Topeka Tuition at Kansas University would be nearly 16 percent more for incoming freshmen than current levels, but their tuition rate would be frozen for four years under a plan unveiled Thursday by school officials.
It's called the "Four-Year Tuition Compact" and was presented by KU to the Kansas Board of Regents, which will vote on the proposal at its June meeting.
"We want to get away from the whipsaw effect of tuition increases over the past 30 years," KU Provost Richard Lariviere said.
For other students, KU is proposing a 7.3 percent increase in tuition and fees for resident undergraduates and 6.5 percent for nonresident undergraduates.
And KU has asked for a 7.3 percent increase in tuition and fees for resident graduate students and a 6.6 percent for nonresident graduate students, according to figures provided by the regents.
Under the tuition compact proposal, first-time freshmen this fall at KU would pay a fixed tuition rate for four years. Housing costs would be frozen in two-year increments, and course and campus fees would be projected in four-year schedules.
The proposal would charge resident freshmen $213 per credit hour, which is 15.9 percent more than the current rate of $183.75. For full-time, resident freshmen, tuition would be $3,408 per semester, which is $468 more than this year.
But the per-credit-hour tuition would stay at that rate for four years.
Lariviere said this would give students certainty in planning school costs and encourage them to finish their degree in four years. The provost estimated it would cost students an extra $1,000 per semester if they didn't complete their degree in four years.
And, he said, it would save them money in the long run because historically, tuition has increased 9 percent annually for each of the past 30 years.
Asked how KU would hedge against inflation, Lariviere noted that each year KU would be seeking a new tuition rate for the incoming freshman class. And he said in case of a national catastrophe, KU would go back to the students for "a dialogue."
Hannah Love, KU student body president, said she supported the proposal, especially given the double-digit tuition increases of recent years.
"I think it is a solution to help stabilize those numbers and curb those increases that we continue to see," said Love, a junior from Dodge City.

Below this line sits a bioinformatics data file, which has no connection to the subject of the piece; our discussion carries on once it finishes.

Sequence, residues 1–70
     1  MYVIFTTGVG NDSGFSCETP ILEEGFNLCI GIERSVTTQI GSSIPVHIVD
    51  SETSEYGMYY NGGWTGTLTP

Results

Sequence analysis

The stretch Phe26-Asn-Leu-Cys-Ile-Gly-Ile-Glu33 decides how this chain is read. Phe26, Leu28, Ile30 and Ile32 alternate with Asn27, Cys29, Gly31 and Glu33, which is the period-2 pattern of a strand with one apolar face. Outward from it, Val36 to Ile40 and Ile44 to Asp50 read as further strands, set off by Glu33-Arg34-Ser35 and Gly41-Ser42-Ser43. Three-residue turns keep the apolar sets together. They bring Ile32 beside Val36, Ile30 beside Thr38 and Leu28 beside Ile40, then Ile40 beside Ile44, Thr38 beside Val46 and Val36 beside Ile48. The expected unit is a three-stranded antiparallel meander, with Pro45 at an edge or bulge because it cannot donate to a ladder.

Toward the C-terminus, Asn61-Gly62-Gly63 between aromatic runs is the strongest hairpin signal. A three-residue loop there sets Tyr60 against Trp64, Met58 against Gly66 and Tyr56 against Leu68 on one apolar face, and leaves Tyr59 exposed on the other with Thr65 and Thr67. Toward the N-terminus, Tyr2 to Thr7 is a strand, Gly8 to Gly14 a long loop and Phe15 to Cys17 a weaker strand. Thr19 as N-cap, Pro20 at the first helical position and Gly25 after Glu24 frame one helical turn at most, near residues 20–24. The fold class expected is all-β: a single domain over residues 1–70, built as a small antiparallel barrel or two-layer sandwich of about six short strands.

Resident tuition and fees at KU increased:
¢ 20.8 percent in 2002-03.
¢ 17.7 percent in 2003-04.
¢ 15.5 percent in 2004-05.
¢ 14.3 percent in 2005-06.
¢ 13.7 percent for 2006-07.
Regents asked numerous questions about the four-year proposal.
Janie Perkins of Garden City said she was concerned that the plan front-loaded costs on the group of students - freshmen - who are most likely to leave school. At KU, one in five freshmen don't continue school after the first year.
"I just feel that many of the freshmen will be paying that extra money and not continuing on," Perkins said.
Lariviere said the dropout rate was unacceptable but was related more to students' readiness than tuition rates. He said the state needs to allow KU to bolster its admission standards.
Regent Dan Lykins of Topeka said he was concerned about students who change majors and would need more than four years to graduate.
And one KU student Thursday called the proposed increase for students other than freshmen "unfortunate."
Kelly Sands is working on a double major in illustration and graphic design in the School of Fine Arts. To complete his graphic design major, he must take a six-hour course next fall.
"I didn't know actually how I was going to pay for it. Luckily, I got a scholarship," said the 26-year-old senior who worked in Overland Park before enrolling at KU.
Sands said he has mostly relied on student loans, grants and his job at a Lawrence restaurant to pay for his education. To help pay for his final course, Sands won a scholarship at an art show in the fine arts school.
Regents Chairman Nelson Galle of Manhattan said he was impressed with KU's proposal. "If this works, we need to get a patent on this," he said.
Regent Christine Downey-Schmidt of Inman said the wide range of tuition proposals from the regents universities showed that Kansas schools were trying to address their individual needs.
"They're all dealing with declining state support yet increased competition for faculty and students," she said.
Kansas State proposed a 7.9 percent increase in tuition and fees for resident students; Wichita State, 6.4 percent; Emporia State, 9.5 percent, Pittsburg State, 7.1 percent, and Fort Hays State, 5.1 percent.
Lariviere said KU's proposal was on the cutting edge on tuition issues, which he described as "both exciting and nerve-racking."
Love, the student body president, said the proposal "is kind of scary, but in the long run it does kind of level it out for the students."
- Staff writer George Diepenbrock contributed to this story.